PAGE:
We live full-time in San Francisco but it doesn’t feel like it because we spend three to four months a year in Europe, mostly in France, mostly in Paris, but with visits to some other places from time to time.
We’re back in the 5th arrondisement as of September 1, 2015. We’re trying to stay in Paris, or at least in France, most of the time. I will receive an honorary degree from Goldsmith's College, London in early September. (Les Back of Goldsmith's recorded a long conversation with me, now available on Mark Carrigan's very interesting blog called "The Sociological Imagination.") And I'll deliver a paper on "Musical Language" at a conference in Vienna celebrating the fiftieth anniversary of the Institute of Music Sociology in September.
Jean Peneff's biography of me is now available from L'Harmattan in Paris: Howard S. Becker, sociologue et musicien dans l'ecole du Chicago. You'll have to read it in French. I have and I think it's pretty good.
We’ve been involved in some interesting events related to Do You Know . . . ? The Jazz Repertoire in Action, the book about the music business Rob Faulkner and I published in 2009. Here’s what’s happened since. In 2010 (this seems like a distraction but really isn’t), Dianne and I met Franck Leibovici, a conceptual artist and poet who lives in Paris. He was organizing a project in which he asked artists and others to make something which showed the “form of life” which supported the work they did. He invited us to participate and we did. The results of this project were published in a “Panini,” or “Sticker book,” the kind kids paste stickers of sports figures in, after trading with others. We both said yes and you can see the results in (des forms de vie): une écologie des pratiques artistiques. I wasn’t sure what to do until Dianne reminded me that Faulkner and I wrote our entire book without meeting in person for more than very brief periods and, really, the whole thing was done by e-mail, which thus was the form of life that supported that work. So Rob and I pasted all the e-mails together into a long document, which Dianne edited meticulously, and Franck wrote a Preface for. Of course, no conventional publisher would publish such a thing, but Larry Gross, who among other things is the head of the Annenberg Press, agreed to publish it as an e-book. And so Thinking Together: An E-Mail Exchange and All That Jazz is available now from Amazon, the Apple Store, and other places that handle e-books. And, to top it off, a printed version (yes, on paper! and, yes, in English only) is available from Questions Théoriques. And—a late development—a review by Marc Perrenoud of Thinking Together on the web site of La vie des idées, both the original version and an English translation found on the English language version of the site, Books and Ideas.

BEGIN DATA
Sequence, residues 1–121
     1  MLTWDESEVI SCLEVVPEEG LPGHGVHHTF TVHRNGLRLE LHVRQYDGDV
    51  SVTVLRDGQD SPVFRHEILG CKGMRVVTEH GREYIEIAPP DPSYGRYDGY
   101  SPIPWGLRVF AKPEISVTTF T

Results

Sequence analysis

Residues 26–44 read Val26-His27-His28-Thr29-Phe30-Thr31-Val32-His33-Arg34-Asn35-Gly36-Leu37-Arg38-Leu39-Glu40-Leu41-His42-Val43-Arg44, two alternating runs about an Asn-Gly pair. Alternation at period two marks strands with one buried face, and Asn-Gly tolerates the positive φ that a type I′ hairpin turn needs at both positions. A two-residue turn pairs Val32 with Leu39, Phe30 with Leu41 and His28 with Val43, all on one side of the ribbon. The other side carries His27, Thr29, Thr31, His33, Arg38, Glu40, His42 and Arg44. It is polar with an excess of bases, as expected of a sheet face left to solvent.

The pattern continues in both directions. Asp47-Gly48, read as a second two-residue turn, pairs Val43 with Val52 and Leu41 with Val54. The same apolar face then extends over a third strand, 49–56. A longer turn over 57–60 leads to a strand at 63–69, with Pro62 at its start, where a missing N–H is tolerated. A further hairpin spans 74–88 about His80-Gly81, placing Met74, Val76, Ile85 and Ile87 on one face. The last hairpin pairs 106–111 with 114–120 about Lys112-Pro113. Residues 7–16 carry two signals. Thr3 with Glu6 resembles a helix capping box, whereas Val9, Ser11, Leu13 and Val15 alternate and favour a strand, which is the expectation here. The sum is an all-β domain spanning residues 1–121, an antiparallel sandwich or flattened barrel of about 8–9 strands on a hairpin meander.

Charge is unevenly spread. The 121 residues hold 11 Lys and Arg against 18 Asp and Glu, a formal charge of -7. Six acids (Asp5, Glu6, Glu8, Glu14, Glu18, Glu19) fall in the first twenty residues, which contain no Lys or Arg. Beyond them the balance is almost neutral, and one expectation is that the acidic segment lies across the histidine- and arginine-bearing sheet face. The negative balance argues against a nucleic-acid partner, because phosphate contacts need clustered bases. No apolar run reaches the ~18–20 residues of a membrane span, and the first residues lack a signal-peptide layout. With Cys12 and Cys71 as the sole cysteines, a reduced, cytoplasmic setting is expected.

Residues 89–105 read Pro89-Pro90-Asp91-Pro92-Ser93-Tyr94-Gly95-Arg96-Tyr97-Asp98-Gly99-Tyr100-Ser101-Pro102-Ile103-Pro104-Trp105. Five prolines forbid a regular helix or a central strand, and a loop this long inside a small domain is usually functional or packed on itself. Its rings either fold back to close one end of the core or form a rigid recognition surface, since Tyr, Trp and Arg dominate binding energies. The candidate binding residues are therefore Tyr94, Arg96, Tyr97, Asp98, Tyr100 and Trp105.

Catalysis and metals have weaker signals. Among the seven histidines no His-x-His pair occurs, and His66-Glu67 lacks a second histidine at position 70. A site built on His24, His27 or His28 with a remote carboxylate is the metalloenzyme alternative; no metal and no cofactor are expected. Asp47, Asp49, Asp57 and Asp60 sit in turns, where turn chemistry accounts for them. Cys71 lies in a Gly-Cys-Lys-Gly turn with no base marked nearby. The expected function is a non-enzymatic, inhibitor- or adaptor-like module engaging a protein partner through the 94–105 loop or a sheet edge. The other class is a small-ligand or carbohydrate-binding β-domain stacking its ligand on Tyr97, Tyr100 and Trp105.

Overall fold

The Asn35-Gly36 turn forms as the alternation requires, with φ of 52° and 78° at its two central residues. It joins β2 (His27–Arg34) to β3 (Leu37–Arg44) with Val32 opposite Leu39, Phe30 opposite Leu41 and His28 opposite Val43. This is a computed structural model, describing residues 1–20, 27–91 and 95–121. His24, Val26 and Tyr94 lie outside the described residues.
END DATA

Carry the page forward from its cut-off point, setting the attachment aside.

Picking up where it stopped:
The University of Chicago Press published What About Mozart? What About Murder? Reasoning from Cases last year. I’d thought about this book for years and worked on it sporadically, but finally buckled down and finished it. And in September 2015, the Press will publish Becoming A Marijuana User, the original article and a new preface, in a very handsomely designed small book you might want to give your younger relatives as a thoughtful gift.
Less recently, I participated in two events which have been commemorated in books. Both took place in France. In 2010, Pierre-Jean Benghozi and Thomas Paris organized a colloque (big conference) at Cerisy, a conference center in Normandie, where a bunch of us stayed for five days, enjoying the hospitality of this wonderful institution, and talking about me and my work. The results have now appeared in a book they edited, titled Howard Becker & les Mondes de l'Art Colloque de Cerisy. This book includes a forty-five minute film of the doings made by Giuseppe Viecchi, which contains, among other things, some clips of the musicians who were there, me included, playing during the evenings.
In 2011, Marc Perrenoud organized a meeting in Lausanne around my ideas about the sociology of work, and those papers have appeared, edited by Marc, as Le travail sociologique de Howard Becker (Paris: La Découverte, 2013).
I’ve twice participated in the activities of a group of doctorants at the École des Hautes Études in Paris, doing a question-and-answer session with a pretty big crowd. The people involved have put the results up on the web for people to enjoy at their leisure (the 2011 event and the one in 2012).
Here’s something for the curious. There once was another sociologist named Howard Becker, who was quite famous in his day (roughly the 30s to the 60s). Learn more about him, why we aren’t related, and who he was related to by clicking here.